The Alamo of India

Pat Symcox (Supplied)
Pat Symcox (Supplied)

The recently concluded 72-day tour to India was the longest ever undertaken by a South African team to the subcontinent.

It’s a destination where many teams have travelled before on shorter trips and have arrived back home mentally battered and bruised.

The shorter formats of the game went well for the Proteas. There was plenty of travel and excitement, with the razzmatazz that goes with playing care-free cricket that we all understand is good one day and poor the next.

Performances are forgotten almost overnight, as the travelling circus moves from venue to venue. Bowlers mostly get hammered and batsmen make merry. South Africa came out trumps in the T20s and ODIs.

Then came the proper cricket. New players arrived to take up the challenge and joined a joyous few who stayed on. India revealed their cunning strategy from day one. It caught us by surprise. A select few expected the pitches to spin as much as they did from ball one.

Each Test of the series saw the Proteas lurch from disaster to disaster, with little time to recover. As the defeats piled up and the Test series was lost, the pressure to produce something that would at least recover some pride was evident.

Despite their dismal performances, South Africa weren’t going to surrender meekly and catch the first flight out. Their plan to defend until the bitter end, particularly in Delhi, went some way towards achieving the above objective.

In 1836 a famous battle took place at the Alamo between the Texan and Mexican army. The Texans were outnumbered and outgunned and fought for all they were worth.

However, in the end they succumbed.

AB de Villiers, Hashim Amla and Faf du Plessis gave their best to stave off inevitable defeat at the hands of India in the fourth Test.

However, it was the Alamo of India.

The Proteas were simply outplayed and outsmarted over the past month.

In the end, the records will show that the Test segment of the tour for South Africa was nothing less than a disaster of serious proportions.

The Delhi Test was lost by 337 runs despite De Villiers and Amla facing 541 balls between them. Not a single century was scored by any South African and only two half centuries were recorded.

Moreover, they only managed to once score more than 200 runs in an innings. Who would have thought that when the past records of those who were selected are scrutinised? Definitely not me. Such was the absolute domination of the Indian spinners that the battle scars will be forever felt.

The question is whether this series will take its toll on some of those who made the journey. My belief is that it will and, as such, there are likely to be casualties from the fallout.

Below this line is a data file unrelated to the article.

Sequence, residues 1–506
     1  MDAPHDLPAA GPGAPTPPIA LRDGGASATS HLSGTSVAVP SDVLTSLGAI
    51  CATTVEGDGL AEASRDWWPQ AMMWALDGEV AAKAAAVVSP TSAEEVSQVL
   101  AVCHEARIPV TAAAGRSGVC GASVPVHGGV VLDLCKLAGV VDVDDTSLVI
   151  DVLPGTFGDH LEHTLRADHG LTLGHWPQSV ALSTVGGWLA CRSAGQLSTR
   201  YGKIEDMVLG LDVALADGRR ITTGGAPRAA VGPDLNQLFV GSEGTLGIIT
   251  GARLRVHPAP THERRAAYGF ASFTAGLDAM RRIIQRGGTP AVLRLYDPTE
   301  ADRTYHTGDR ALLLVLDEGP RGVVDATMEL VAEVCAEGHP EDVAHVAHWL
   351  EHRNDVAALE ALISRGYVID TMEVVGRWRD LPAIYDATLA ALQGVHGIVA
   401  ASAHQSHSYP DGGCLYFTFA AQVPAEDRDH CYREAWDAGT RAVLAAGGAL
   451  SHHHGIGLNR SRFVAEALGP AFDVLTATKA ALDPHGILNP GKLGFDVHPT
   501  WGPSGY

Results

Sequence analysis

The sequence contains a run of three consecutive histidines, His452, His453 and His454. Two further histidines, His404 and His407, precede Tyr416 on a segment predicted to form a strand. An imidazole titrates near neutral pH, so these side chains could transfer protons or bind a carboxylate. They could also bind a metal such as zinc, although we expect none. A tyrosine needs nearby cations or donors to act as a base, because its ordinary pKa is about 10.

However, we must remember that Amla as captain was deprived of his two strike bowlers. Dale Steyn and Vernon Philander have performed amazing feats with the new ball over the last few years and when Kyle Abbott showed how he could breach the defences of the Indian top-order, I wondered what Steyn would have done with the cherry, had he been fit.

That said, 32-year-old Amla had a tour to forget. Other than his defiant final innings, his run-scoring was pitiful, as was his catching. He is a fine player and is probably right up there with the best our country has ever seen, but I don’t believe the Test captaincy rests easily on his slender shoulders. At times, his use of spin was criticised by in those in the commentary – men who have seen more games of Test cricket than most. Amla will need to work through what suits him best before England arrive in South Africa for the Test series later this month.

On the plus side, the young Temba Bavuma was thrust into the opening batting role as a last resort and appears to be a real talent. However, caution is the buzzword when it comes to thrusting him into an unfamiliar position against quality fast bowlers on local pitches. Meanwhile, Dean Elgar did enough to show he’s up for a scrap and adds value with the ball.

The wicketkeeping berth will see a change for sure. My guess is that either Quinton de Kock or Thami Tsolekile will start against England. The spin department enjoyed successes, but overall they got caught up in trying to match the likes of Ravichandran Ashwin in taking wickets. Not enough pressure was built by drying up runs and closing an end down for long periods. Again, learning on the job in India is not for the faint hearted. Dane Piedt will get the nod come England, and Imran Tahir will go back to being the shorter version specialist.

What I believe the Proteas are really lacking is a bowling all-rounder. In the not too distant past, we could bump a tree and good few would fall out. The likes of Brian McMillan, Shaun Pollock, Lance Klusener and of course the prince of all-rounders, Jacques Kallis, spring to mind. That is a massive hole to fill, and it forces South Africa into having an extended tail.

The Indian sojourn has asked many questions of South African cricket and those in charge of will do well to take notice. This era has many wonderful players from which to choose, but most of them are now in the autumn of their careers. The over-thirty club now has many members. Staying at the cutting edge of international cricket is hard work and while some may have escaped from the Alamo this time around, England will certainly be no pushovers.

Former South Africa international Pat Symcox played 20 Tests, took 37 wickets and scored 741 runs. He is a self-proclaimed cricket fanatic, struggling golfer and addicted writer.

Disclaimer: Sport24 encourages freedom of speech and the expression of diverse views. The views of columnists published on Sport24 are therefore their own and do not necessarily represent the views of Sport24.
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